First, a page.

Fraud Management & Cybercrime

Police Shutter Darkode Cybercrime Forum

Alleged Fraudster Forum Specialized in Malware, Zero Days
Police Shutter Darkode Cybercrime Forum

An international police operation has resulted in charges being filed against dozens of suspected fraudsters, as well as the shuttering of infamous hacking forum Darkode. But it is not yet clear if the operation will take a serious bite out of cybercrime.

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Officials first confirmed the details of the international operation July 15. It involved 20 countries - ranging from Australia, and Bosnia and Herzegovina to Brazil and Colombia, to the United Kingdom and the United States - working together to disrupt Darkode, and resulted in 28 arrests worldwide. "Today's global action caused significant disruption to the underground economy and is a stark reminder that private forums are no sanctuary for criminals and are not beyond the reach of law enforcement," says Rob Wainwright, director of the European association of police agencies, known as Europol.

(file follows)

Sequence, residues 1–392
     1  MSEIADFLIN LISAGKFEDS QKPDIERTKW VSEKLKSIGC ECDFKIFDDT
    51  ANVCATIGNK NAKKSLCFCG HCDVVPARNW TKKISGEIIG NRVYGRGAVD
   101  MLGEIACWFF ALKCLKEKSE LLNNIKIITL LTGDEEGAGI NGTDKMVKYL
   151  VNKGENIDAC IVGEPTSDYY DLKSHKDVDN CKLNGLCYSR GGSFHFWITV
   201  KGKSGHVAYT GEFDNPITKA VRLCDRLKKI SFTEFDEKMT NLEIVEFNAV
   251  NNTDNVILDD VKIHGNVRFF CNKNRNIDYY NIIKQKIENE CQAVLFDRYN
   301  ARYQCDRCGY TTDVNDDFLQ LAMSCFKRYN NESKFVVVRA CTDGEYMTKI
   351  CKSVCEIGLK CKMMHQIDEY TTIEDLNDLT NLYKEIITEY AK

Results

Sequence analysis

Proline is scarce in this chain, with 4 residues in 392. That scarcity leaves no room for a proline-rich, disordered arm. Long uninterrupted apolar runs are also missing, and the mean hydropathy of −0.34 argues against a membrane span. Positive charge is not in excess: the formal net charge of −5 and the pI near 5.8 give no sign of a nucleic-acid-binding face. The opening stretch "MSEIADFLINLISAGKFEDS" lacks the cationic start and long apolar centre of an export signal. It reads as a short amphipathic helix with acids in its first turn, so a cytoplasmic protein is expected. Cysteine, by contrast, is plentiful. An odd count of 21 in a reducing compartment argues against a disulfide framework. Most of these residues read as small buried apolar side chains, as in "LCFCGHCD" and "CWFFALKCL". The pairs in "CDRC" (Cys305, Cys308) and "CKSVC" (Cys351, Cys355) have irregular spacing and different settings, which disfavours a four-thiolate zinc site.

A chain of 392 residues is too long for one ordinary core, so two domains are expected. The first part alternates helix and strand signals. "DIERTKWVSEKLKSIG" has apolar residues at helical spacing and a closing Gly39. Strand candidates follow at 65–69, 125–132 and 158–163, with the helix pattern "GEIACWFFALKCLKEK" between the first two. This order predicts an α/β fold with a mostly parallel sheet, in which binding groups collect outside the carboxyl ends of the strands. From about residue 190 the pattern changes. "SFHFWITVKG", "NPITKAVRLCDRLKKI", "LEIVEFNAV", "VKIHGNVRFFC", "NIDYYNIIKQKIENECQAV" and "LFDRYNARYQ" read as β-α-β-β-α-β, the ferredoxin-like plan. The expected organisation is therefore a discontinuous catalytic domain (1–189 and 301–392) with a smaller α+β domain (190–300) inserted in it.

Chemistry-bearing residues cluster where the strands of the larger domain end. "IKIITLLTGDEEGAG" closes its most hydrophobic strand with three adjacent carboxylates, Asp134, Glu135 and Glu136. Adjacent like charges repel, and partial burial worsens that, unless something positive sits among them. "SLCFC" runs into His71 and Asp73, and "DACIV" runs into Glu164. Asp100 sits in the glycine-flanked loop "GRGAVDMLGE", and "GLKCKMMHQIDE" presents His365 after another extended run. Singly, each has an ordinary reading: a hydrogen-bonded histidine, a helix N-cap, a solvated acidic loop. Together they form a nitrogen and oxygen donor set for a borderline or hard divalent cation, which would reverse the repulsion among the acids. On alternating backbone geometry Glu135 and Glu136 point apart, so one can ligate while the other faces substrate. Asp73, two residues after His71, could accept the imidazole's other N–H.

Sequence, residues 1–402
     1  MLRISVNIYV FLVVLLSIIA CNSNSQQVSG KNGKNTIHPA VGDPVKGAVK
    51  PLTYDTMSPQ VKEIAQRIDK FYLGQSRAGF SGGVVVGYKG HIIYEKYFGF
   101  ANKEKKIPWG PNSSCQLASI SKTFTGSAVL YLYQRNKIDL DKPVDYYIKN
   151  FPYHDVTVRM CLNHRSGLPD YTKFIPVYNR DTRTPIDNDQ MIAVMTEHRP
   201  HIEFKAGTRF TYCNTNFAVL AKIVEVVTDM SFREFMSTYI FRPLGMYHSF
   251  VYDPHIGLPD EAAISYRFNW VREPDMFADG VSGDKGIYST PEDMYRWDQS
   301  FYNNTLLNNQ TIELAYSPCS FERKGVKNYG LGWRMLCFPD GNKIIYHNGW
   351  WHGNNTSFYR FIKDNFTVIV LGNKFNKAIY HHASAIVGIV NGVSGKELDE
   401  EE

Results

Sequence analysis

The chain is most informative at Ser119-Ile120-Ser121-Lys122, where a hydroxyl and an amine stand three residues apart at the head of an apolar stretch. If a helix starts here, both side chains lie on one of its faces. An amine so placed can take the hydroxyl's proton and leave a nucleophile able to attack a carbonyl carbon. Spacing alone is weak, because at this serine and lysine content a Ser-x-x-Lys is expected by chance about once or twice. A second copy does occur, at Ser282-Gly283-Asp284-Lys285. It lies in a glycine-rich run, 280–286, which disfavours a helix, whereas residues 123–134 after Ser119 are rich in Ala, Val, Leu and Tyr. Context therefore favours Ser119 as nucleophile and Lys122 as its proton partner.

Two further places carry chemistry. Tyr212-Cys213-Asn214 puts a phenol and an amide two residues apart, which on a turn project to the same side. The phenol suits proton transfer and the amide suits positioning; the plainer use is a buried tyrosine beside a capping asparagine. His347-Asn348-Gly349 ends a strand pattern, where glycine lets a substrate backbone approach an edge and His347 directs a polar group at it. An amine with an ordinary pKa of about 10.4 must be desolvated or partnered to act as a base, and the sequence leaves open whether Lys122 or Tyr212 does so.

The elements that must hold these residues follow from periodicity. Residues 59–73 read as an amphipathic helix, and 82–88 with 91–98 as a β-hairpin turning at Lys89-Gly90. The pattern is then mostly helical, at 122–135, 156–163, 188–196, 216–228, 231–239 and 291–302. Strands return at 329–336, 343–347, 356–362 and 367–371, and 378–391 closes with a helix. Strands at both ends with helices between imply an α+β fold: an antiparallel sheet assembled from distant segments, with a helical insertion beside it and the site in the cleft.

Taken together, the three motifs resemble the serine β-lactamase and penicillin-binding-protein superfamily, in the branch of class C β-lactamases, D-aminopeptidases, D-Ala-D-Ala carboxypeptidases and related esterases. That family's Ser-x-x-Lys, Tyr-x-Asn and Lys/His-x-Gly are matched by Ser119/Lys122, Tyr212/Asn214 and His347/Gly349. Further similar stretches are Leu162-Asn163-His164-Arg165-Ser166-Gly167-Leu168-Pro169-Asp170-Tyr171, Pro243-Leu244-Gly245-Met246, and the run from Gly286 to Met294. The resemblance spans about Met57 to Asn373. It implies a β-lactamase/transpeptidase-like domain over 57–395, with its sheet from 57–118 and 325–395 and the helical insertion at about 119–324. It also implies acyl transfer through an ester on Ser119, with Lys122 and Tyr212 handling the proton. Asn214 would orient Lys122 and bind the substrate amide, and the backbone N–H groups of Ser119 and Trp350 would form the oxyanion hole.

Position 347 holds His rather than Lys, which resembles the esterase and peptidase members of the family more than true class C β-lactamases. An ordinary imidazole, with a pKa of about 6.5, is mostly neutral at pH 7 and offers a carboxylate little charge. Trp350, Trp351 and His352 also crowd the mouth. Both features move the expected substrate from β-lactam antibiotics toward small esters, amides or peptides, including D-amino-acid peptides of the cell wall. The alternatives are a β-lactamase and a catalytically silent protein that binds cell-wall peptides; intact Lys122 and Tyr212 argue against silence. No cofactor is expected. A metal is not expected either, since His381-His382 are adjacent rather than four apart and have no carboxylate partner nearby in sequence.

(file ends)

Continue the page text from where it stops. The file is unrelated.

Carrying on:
In the United States, the Department of Justice has filed charges against 12 individuals allegedly associated with the forum. It says that in total, 70 alleged Darkode members - or their associates - were recently searched, charged or arrested worldwide. Officials say that forum members advertised everything from stolen usernames and passwords to Social Security numbers, and that the related charges filed range from hacking, identity theft and racketeering to extortion, money laundering and bank fraud.

The investigation was led by the Pittsburgh office of the FBI, working with Europol and its European Cyber Crime Center, known as EC3, which is based in the Netherlands. The FBI says during the course of the 18-month operation - dubbed Operation Shrouded Horizon - it had successfully infiltrated the ranks of Darkode's invitation-only membership base, gaining access to the online-only, password-protected forum.

Officials say Darkode specialized in the buying and selling of malware, zero-day exploits and access to compromised servers. The site reportedly also functioned as a collective with 250 to 300 active members. Those members aimed to recruit new members who could enrich the forum with new skills or software that would allow the group to infect an ever-expanding number of PCs with malware, and then use them for criminal purposes.

Alan Woodward, a visiting professor at Surrey University, as well as a cybersecurity adviser to Europol, says the Darkode disruption and related arrests are significant. "I don't want to sound too Star Wars-y about it, but it is the police striking back," he says. "There's been a lot of hackers thinking they were operating with impunity, and particularly on Darkode."